My husband pulled into the driveway on a Saturday night and I met him with a rolling desk chair.
We’d had two days’ notice to prepare for my father-in-law’s arrival at our home. After a week with pneumonia in a St. Louis-area hospital, FIL was being released.
FIL was a robust 96 and living independently — driving, shopping, cooking, managing his household — before this illness. We assumed that he would spend a short time with us and then bounce back, as always, and return to his own home.
But on the drive from St. Louis, it quickly became apparent that FIL was sicker than we’d thought. In fact — harsh, but true — my husband suspected that the doctor had given up on FIL, releasing him to die. And FIL thought so, too. “My next stop is the crematorium,” he kept repeating between coughing spells.
It wasn’t his next stop. We made it to our house. But it was clear that FIL would not be bouncing back anytime soon.
It took both of us and a lot of strained muscles, bruised shins, run-over toes, sweating and maneuvering to get 6-foot tall, 220-pound, barely conscious FIL out of the car, into the rolling desk chair (which kept rolling away), up one step to the front porch, up another step into the house, down the hall to his new bedroom/laundry room, out of the rolling chair and onto the bed.
We were all exhausted.
I had bought waterproof pads for beds and chairs. We had a portable urinal from the hospital. We had a cane and a walker from another relative. Beyond that, we were sadly lacking in terms of DME, which I was soon to learn was insider talk for durable medical equipment.
In the next few days, the roller chair sufficed most of the time, and sometimes FIL was strong enough to use the walker for short distances. But neither would fit through the door to the toilet. He could stand, shuffle inside the bathroom, turn around and sit down, with assistance. But it was hard getting him back up and out of there when he was finished. We could roll him right up to the shower stall, but there was nothing for him to hold on to in there.
We needed different stuff.
Over the next days and weeks, we gradually obtained more DME. I improvised, begged, borrowed and bought.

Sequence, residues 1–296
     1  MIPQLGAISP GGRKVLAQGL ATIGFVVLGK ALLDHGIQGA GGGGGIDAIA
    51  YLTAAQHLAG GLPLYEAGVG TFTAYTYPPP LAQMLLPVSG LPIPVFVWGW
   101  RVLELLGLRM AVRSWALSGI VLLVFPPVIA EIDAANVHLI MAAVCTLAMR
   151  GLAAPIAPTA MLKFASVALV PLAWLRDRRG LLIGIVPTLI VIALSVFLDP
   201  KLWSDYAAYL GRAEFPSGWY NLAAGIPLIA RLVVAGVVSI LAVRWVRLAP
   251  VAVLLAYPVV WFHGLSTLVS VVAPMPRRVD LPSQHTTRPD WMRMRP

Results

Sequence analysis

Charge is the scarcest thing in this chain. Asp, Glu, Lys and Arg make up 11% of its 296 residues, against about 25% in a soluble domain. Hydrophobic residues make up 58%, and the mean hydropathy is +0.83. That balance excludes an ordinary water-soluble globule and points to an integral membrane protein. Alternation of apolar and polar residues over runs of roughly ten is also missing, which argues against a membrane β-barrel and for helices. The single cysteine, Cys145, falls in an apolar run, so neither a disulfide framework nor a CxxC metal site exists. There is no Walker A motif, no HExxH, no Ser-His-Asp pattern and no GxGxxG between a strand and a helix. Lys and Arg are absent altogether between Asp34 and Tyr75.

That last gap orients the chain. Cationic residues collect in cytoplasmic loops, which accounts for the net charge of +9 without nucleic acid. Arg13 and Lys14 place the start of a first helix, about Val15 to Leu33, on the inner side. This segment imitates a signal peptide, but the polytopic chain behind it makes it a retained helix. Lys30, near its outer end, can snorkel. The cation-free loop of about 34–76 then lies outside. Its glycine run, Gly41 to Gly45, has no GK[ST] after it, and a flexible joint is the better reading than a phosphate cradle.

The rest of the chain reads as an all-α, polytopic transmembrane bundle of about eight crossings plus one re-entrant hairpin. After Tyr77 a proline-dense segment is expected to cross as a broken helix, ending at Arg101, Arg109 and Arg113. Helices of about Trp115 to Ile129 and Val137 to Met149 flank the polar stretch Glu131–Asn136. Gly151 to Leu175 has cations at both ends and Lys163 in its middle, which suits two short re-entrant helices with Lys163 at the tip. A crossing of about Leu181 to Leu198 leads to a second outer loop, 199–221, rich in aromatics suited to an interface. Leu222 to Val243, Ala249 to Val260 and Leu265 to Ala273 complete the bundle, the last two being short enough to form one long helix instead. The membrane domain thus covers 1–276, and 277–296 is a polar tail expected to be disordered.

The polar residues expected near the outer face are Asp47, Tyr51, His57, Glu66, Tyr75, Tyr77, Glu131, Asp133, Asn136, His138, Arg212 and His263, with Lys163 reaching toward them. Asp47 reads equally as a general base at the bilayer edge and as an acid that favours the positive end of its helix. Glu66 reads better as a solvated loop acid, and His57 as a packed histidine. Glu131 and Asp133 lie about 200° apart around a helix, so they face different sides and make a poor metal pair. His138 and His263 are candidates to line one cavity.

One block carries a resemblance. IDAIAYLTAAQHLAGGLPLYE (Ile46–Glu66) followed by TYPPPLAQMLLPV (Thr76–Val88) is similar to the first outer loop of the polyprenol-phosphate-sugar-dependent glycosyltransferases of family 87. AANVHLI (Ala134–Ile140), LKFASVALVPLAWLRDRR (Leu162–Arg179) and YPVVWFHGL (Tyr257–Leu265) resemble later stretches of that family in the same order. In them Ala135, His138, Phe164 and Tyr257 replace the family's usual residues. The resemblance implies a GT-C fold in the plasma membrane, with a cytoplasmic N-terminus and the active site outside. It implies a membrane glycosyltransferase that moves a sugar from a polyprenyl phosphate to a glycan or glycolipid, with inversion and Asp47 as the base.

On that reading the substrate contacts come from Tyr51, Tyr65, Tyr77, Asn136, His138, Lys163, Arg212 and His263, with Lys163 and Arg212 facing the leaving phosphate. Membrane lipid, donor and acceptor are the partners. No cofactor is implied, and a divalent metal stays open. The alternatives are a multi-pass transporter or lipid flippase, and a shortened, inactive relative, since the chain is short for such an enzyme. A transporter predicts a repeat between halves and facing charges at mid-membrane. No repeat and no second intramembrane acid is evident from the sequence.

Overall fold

I posted a wheelchair request on Facebook and a friend delivered not just one, but two chairs she had saved since a son’s injury rehabilitation, one for the house and one for the car.
I bought a raised toilet seat at Aldi.
I borrowed a friend’s blood-pressure monitor until we obtained our own with points from FIL’s insurance program.
I asked for and received a free blood-sugar test kit, and test strips, from the doctor’s office.
We received a better walker, with a seat, covered by FIL's insurance. I found out that durable medical equipment may be covered by Medicare when prescribed by a doctor for use at home and when provided by a supplier approved by Medicare.
I lugged in a wrought iron patio chair for the shower. Sturdy. Stable. Water won’t hurt it. Perfect, I thought! But not ideal, and I also wished for a portable toilet for FIL’s bedside. So I posted another Facebook request.
Offers and suggestions poured in. It turns out a neighbor houses her church’s DME cache in her garage, and she had three shower seats for me to choose from. Others recommended a variety of sources for any further needs we might have, including:
• Thrift stores, such as Goodwill and Savers
• Resale areas of retirement communities
• Muscular Dystrophy Association,913-451-3230
• National Multiple Sclerosis Society,913-432-3926
• Coalition for Independence, 913-321-5140;
• The Whole Person, 816-561-0304
• Johnson County Area Agency on Aging, 913-715-8999
• Medicare, 800-633-4227.
We are grateful to our community for the resources. FIL has all the DME he needs, the rolling desk chair is back in the office and the wrought iron patio chair is now back on the patio.
Caregiver lessons learned: 1) Be creative. Modify what you already have in your home to fit your needs. 2) Ask for help. Keep seeking out resources until you get what you need.